Where the world’s most innovative leaders gather to learn how emerging technologies are redefining business, society, and humanity.
In November of this year Greece hosted its first ever Singularity Summit which brought the world’s leading speakers and experts on exponentially accelerating technologies together with Greek business leaders of today and tomorrow, giving us the knowledge and insight needed to compete and win in an exponentially changing world. I was fortunate enough to obtain a ticket to attend the 2 day summit and this is what I learnt.
Remembering the Skype revolution
Regardless on what side of the spectrum you reside, be it a foreign language student or teacher, I am sure you can remember the first time you discovered the wonders of Skype online language lessons.
Since its inception in 2003, Skype has helped millions of language teachers, connect to eager language learners. It was the first time that the tyranny of physical location became less important.
You might recall that the early pioneers on distance learning where plagued with slow internet speeds, which led to “stuttering” voice and low picture quality, leading to frustration. (and dare I say it, lesson abandonment). In today’s world, this has been solved though better software design, advanced data compression algorithms and of course higher internet speeds.
Surely things could not get better than Skype?
It turns out that things in language learning and indeed in learning as a whole are changing at a staggering pace. So much so that even platforms such as Skype will mutate to ultimately offer virtual reality and augmented reality meetings as part of its service.
Right now, and for the first time ever, a passionate and committed individual has access to the technology, minds, and capital required to take on any challenge.
Peter H. Diamandis,
Greek American engineer, physician, & entrepreneur
Virtual reality (VR) – augmented reality (AR) – Mixed Reality (MR)
It may come as a surprise to some but, the first widespread commercial releases of consumer VR headsets dates as far back as the early 1990s. The bad news back then was that the price for some kit could set you back around $72,000. With the democratisation of VR technology, today you can pick yourself up a headset for around $100. (See Google Cardboard VR). Not only that, but the headsets avaiable today are super light and a far cry from their cumbersome older counterparts.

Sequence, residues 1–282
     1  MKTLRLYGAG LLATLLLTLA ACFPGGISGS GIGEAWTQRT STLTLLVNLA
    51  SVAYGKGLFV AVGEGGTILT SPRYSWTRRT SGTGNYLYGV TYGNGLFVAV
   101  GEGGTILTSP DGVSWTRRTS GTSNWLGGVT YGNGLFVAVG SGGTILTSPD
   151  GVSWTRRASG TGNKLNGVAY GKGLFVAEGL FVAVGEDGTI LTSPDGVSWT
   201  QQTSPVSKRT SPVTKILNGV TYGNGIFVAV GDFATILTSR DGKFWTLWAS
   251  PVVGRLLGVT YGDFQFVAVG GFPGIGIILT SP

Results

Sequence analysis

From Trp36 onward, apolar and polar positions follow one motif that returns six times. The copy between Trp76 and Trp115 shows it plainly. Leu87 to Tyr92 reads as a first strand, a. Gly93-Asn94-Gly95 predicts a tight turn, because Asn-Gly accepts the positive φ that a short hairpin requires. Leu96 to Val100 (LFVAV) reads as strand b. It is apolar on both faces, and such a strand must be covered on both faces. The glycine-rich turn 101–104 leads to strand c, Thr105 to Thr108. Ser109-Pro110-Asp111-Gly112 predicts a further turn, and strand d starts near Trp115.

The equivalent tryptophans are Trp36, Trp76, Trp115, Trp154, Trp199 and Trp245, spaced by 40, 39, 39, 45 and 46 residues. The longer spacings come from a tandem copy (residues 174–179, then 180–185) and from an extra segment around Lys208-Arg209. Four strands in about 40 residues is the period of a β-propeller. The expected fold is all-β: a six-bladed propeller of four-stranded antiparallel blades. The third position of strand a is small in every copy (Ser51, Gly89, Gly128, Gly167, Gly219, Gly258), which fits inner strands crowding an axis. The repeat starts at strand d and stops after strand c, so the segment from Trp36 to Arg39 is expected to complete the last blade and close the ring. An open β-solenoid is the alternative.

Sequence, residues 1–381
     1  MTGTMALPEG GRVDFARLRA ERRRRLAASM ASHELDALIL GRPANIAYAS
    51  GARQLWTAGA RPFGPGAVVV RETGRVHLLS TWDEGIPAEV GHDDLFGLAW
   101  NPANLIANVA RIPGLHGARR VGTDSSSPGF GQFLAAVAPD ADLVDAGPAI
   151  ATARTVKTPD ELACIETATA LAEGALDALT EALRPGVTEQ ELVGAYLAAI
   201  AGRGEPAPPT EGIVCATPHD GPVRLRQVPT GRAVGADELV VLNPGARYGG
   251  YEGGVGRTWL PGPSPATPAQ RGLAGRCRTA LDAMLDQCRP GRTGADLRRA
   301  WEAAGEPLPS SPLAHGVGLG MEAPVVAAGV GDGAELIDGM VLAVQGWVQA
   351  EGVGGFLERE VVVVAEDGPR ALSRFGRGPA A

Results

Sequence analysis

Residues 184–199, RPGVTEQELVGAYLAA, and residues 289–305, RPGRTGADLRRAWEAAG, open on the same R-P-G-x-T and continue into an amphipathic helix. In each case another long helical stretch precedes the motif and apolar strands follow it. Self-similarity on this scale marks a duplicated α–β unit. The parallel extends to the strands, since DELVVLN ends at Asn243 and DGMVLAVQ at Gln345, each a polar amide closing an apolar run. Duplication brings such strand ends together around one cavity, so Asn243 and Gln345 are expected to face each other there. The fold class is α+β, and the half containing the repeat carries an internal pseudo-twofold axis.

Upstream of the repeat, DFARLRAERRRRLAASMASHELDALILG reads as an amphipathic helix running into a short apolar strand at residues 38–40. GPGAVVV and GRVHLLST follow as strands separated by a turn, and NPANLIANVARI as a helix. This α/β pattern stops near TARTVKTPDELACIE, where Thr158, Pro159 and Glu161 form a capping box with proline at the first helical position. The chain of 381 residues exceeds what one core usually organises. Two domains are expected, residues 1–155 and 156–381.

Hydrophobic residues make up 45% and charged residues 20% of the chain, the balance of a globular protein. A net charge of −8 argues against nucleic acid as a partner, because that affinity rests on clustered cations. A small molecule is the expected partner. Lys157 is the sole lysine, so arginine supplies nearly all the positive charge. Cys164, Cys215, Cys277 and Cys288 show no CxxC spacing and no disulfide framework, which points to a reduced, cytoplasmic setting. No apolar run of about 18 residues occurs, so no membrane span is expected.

It is estimated that within the next 5 years there will be absolutely no need to physically be in a location to learn a language, or for that matter any other subject. Indeed it goes further than that. For example, if you are located in the United Kingdom and want to try out your Greek language skills in Greece, you can do so by simply strapping on a VR headset. From the comfort of your own living room sofa, you will be able to whisk yourself off to the island of Santorini, where you can play out virtual scenarios to try out your skills. (Ordering a meal, asking for directions, visiting a monument) Choose to have the virtual experience alone, or invite friends and even your language teacher.
Below is a table explaining the differences between VR, AR, MR.
Google Cardboard VR
Can you imagine what I would do if I could do all I can?
– Sun Tzu
Artificial intelligence language teacher Versus human language teacher
We live in an era of great technological discruption.
Today it’s hard to phathom that a mere one hundred years ago, the vast majority of people in the world worked on farms. A little over 100 years ago, there where millions of jobs that were related to the main mode of transport: the horse-drawn carriage. I’ve given you just a few examples of how the nature of work has changed over the years, propelled by humanty’s ability to solve problems. Throughout history there has always been disruption, the difference is that today it’s accelerating at a ferocious speed. Most people are worried and are asking the same question: how will my livelihood be effected?
There is nothing permanent except change. – Heraclitus, Greek philosopher.
How can I compete with Artificial Intelligence?